Guide to the Strange Boxes of Joseph Cornell
American Surrealist Artist
Joseph Cornell, a self-taught artist, who went on to become one of the Surrealist movements most prolific art producers. He was born in 1903 in Nyack, New York, a shy, quiet and retiring artist with a kind heart.Renowned for his assemblage sculptures and film montages he is famous for the dreamlike quality and strange narrative his pieces suggested. Like many in the surrealist movement his work relied on a personal, quirky view of familiar objects, which saw the familiar in irrational juxtaposition with each other.
Cornell lived a reclusive life, spending the majority of it sharing his mother’s house, along with his sickly younger brother Robert. During the 1920’s he secured work as a salesman but with the advent of the Great Depression, he found himself unemployed.
In 1929 he viewed Max Ernst’s surrealist exhibition entitled “la Femme 100 tetes.” Ernst’s engraved plates made an immediate impact on Cornell and he began producing his box series that would form the theme throughout his life.
Cornell would spend his free time searching the dark corners of second hand shops, the shelves of bookstores and junk shops looking for interesting objects to populate his glass fronted boxes. His work was heavily symbolic and contained many references to birds, spheres and medicine bottles. All his finds were grouped into series; fantastic stories that have a funfair game look about them. The viewer feels like they must knock over a parrot to win a prize.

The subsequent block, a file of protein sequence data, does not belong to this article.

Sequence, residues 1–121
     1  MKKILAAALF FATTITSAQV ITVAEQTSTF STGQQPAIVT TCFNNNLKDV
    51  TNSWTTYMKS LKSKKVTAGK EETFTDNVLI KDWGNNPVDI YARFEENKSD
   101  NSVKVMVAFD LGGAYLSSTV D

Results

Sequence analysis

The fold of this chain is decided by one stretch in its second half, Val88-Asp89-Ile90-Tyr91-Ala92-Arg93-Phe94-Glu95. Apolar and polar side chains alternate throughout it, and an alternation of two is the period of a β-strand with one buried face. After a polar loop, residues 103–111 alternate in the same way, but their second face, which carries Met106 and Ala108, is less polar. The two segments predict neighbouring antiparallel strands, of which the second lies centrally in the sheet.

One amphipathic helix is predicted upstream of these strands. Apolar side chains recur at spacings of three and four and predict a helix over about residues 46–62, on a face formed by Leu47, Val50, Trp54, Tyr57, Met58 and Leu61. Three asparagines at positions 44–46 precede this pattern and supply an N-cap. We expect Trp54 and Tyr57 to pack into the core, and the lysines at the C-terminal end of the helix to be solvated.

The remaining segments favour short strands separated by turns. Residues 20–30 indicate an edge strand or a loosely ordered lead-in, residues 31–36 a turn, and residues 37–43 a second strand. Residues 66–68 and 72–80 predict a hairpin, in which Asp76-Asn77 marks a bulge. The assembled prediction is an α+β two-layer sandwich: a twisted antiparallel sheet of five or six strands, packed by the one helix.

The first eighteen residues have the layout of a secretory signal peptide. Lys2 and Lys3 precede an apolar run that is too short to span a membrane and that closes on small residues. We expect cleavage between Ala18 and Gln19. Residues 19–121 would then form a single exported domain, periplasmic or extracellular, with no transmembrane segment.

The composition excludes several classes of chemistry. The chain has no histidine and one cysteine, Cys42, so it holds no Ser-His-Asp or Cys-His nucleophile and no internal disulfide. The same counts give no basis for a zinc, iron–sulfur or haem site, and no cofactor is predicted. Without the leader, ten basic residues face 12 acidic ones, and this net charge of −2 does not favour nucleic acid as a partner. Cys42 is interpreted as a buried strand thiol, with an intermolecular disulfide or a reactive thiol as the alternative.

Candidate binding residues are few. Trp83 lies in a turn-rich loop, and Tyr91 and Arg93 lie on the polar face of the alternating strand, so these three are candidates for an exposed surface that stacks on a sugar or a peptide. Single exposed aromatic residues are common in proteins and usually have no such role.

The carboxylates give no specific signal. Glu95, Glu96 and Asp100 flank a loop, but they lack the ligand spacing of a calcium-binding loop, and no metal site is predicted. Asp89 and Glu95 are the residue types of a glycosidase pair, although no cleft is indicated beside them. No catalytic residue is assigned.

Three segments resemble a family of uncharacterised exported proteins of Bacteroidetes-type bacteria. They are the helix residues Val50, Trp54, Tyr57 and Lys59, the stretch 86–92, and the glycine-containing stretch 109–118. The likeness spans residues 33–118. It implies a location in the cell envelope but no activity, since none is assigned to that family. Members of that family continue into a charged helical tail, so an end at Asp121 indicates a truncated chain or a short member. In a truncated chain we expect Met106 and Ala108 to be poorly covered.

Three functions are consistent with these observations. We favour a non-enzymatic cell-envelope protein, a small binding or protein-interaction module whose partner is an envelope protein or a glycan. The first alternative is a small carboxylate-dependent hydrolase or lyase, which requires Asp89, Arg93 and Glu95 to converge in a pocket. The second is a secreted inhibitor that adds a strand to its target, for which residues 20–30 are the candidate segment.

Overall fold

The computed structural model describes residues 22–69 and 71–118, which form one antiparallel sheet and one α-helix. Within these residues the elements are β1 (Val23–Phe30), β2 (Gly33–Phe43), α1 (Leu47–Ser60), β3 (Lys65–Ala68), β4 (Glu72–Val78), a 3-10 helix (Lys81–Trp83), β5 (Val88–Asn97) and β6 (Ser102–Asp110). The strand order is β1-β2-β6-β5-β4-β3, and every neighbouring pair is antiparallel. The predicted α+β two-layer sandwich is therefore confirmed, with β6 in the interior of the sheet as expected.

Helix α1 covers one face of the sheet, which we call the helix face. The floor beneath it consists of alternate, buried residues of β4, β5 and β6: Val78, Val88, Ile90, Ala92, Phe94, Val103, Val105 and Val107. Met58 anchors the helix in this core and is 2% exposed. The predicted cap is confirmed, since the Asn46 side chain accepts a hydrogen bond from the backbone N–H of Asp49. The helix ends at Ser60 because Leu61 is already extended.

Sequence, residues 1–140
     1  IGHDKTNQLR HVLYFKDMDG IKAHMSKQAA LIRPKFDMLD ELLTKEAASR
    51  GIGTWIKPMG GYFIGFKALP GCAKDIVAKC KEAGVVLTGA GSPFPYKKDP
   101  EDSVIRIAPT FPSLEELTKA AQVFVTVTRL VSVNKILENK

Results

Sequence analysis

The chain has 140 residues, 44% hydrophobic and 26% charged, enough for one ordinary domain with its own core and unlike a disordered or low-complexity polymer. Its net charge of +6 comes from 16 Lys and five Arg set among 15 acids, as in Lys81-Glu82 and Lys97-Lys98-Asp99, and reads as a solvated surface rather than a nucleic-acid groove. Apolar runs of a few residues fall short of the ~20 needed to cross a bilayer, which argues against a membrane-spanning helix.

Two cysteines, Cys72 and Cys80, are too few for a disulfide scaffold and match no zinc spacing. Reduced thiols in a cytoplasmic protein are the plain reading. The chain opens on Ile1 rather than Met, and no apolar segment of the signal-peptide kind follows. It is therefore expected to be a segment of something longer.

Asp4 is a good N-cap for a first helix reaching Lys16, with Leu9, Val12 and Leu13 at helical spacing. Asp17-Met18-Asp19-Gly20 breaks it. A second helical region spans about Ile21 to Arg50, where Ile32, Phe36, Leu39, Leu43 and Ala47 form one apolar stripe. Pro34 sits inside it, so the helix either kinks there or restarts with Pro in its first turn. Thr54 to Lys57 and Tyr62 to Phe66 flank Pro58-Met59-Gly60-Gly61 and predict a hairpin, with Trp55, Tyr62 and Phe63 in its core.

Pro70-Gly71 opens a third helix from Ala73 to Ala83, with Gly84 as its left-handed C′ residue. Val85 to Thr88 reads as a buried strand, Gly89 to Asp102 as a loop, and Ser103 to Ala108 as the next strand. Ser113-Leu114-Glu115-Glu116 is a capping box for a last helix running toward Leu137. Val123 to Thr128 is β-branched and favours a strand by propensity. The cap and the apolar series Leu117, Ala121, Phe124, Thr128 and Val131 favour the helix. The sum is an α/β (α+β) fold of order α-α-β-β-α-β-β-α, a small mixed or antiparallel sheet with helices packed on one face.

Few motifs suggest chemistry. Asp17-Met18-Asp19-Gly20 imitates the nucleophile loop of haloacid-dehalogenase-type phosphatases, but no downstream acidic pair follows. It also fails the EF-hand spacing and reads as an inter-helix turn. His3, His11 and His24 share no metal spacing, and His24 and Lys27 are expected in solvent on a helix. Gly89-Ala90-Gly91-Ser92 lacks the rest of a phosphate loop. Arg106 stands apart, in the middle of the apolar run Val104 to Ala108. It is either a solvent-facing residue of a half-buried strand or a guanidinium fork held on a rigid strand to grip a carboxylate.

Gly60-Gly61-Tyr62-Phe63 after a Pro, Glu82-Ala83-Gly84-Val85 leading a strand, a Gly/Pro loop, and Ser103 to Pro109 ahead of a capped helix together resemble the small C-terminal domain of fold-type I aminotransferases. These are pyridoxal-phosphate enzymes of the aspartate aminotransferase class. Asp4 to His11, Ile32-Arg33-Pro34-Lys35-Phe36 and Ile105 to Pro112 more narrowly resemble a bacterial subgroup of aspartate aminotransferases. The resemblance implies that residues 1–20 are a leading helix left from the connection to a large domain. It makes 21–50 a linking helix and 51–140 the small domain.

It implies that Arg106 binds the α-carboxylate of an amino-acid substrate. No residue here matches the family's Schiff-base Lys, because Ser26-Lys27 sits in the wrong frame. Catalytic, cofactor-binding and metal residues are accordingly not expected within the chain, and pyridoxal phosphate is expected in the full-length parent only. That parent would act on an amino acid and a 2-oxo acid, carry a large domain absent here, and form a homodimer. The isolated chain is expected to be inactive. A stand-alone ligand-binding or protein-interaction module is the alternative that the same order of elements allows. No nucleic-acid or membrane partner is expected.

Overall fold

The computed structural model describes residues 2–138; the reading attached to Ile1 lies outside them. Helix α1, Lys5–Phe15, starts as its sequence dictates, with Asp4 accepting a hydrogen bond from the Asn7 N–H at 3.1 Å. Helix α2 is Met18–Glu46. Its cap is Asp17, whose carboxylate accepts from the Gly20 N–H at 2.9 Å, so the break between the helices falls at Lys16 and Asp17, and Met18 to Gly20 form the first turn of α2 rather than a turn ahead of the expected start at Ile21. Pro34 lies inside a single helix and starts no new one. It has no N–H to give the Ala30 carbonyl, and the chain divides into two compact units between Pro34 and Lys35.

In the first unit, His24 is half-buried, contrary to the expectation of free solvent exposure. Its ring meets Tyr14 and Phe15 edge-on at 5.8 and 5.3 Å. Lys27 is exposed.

Soap Bubbles and Medicine Bottles
Themes like, the soap bubble set, Medici Slot Machines, his Pink Palaces, Space and the enigmatic Hotel series, illustrate his world. The boxes are like mobile museums, portable galleries, full of Victoriana, arcane prints and antique heirlooms, arranged in mini stories and fairytales.
Although never romantically linked with anyone, women found his bashful nature and manner endearing and he would talk at length with visitor’s wives, he had a particular liking for ballerinas finding them “unique.” A number of his boxes are dedicated to stars and women he admired, as in the piece “Bacall” from 1945.
He also entered into film making, splicing together old film stock he had discovered to make montages, a kind of bric-a-brac of found images. The first he screened at the 1936 Surrealist show at the MOMA in New York. Present was Salvador Dali, who complained that he had been working on the idea of surrealist film and that Cornell should stick to his boxes. Intimidated by the verbose Dali, Cornell never showed his films in public again.
By the late 1940’s Cornell had secured work-designing layouts for popular magazines including Vogue, Home & Garden and Harpers Bazaar. His work continued to gain an appreciative audience and in 1948 he had his first solo exhibition at the Levy Gallery.
While known to many of the Surrealist who had relocated from war torn Europe, Dali, Duchamp, Ernst and Margritte he felt their works were more “black magic” than his. He did not produce any of the voyeuristic, overtly sexual images popular within the group and any connection was merely in the strange associations his works conjured up.
In the sixties he lost his brother and mother in quick succession, his productivity levels declined but he still continued to produce work. The last exhibition was aimed at children, the boxes deliberately shown low down and the opening night featured soft drinks and cake. In December 1972 he died of heart failure at the age of sixty-nine.
Cornell's work is still popular these days, links have been made with the use of commercial imagery of Pop Art during the Sixties. While Post Modernists like Damien Hurst, with his sheep and sharks in tanks, and Tracey Emin's unmade bed are merely expressions of Cornell's worlds, just outside the box.